US announces plan to build silos on Ukraine border to export grain

Temporary silos will be built along the Ukraine border, including in Poland, in an attempt to help export more grain from the country and avert a global food crisis, Joe Biden has announced.

The US president told a Philadelphia union convention on Tuesday that he was working with European governments on the plan “to help bring down food prices”.

An estimated 20m tonnes of grain has been trapped in Ukraine – the world’s fifth-biggest wheat exporter – since the war began in late February, leading to fears of famine in some countries.

When Russia invaded, it blockaded Ukraine’s Black Sea ports. Russian and Ukrainian forces have also filled the surrounding waters with mines. Attempts to restart shipping have failed, and about 84 foreign vessels are stuck in Ukrainian ports, many with grain cargoes on board.

A huge diplomatic effort to rescue Ukraine’s grain has faltered as it has always been transported by sea rather than through less reliable road or rail networks.

In his speech, Biden said the grain could not “get out through the Black Sea because it will get blown out of the water”, referring to floating mines.

Instead, he said, Washington was developing a plan to get grain out by rail but noted Ukrainian railway tracks were different to those in Europe – being slightly wider spaced – so the grain would have to be transferred to different trains at the border. “So we’re going to build silos, temporary silos, on the borders of Ukraine, including in Poland,” Biden said.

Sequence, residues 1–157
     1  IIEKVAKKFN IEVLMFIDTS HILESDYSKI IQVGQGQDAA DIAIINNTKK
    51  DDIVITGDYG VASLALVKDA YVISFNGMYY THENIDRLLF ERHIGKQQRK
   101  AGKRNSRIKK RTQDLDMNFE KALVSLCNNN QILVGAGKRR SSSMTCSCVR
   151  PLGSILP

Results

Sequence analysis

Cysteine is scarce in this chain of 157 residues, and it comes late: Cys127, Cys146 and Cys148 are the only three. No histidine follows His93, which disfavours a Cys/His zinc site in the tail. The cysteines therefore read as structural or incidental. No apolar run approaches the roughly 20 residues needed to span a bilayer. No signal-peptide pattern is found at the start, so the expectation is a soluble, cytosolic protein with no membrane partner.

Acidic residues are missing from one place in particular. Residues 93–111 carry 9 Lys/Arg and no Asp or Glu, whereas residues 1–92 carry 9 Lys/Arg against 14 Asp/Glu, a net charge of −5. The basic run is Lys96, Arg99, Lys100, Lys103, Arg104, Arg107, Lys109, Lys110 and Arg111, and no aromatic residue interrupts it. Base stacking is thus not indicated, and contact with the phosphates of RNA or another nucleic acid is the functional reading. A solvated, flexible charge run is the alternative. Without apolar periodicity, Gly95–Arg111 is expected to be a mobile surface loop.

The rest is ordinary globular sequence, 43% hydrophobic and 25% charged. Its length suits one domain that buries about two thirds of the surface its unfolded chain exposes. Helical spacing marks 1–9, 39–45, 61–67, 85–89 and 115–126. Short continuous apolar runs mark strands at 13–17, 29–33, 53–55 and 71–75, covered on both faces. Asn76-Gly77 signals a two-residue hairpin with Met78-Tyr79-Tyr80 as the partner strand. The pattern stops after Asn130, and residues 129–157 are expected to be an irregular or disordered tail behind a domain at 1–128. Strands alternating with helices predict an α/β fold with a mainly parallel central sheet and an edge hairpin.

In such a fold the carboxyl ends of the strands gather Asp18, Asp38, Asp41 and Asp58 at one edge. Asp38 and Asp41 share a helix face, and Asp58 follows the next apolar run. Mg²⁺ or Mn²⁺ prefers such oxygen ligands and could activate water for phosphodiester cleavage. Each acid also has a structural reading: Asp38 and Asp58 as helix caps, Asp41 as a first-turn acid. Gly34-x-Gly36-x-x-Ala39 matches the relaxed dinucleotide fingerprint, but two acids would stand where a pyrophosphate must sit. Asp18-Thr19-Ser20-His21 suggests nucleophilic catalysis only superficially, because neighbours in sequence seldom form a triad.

Grain could be transferred from Ukrainian railway cars into the new silos, and then on to European freight cars to “get it out to the ocean and get it across the world”, he said, adding the plan was taking time.

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“This is just one of the possibly useful steps in ensuring food security. But we also need a green corridor for our ports,” Andriy Yermak, the chief of staff to Ukrainian president, Volodymyr Zelenskiy, said in an online post, referring to the blockade.

Ukraine’s agriculture ministry on Tuesday said European countries were considering providing temporary silos to “preserve the harvest and secure future grain supplies”.

The holdup in exporting grain has contributed to what analysts have called a “perfect storm” for global food supplies, as farmers face rising oil and fertiliser costs and the lingering effect of coronavirus labour restrictions.

The head of the African Union warned last month that Moscow’s blockade of Ukraine’s ports risked “a catastrophic scenario” of food shortages and price rises.

Reuters contributed to this report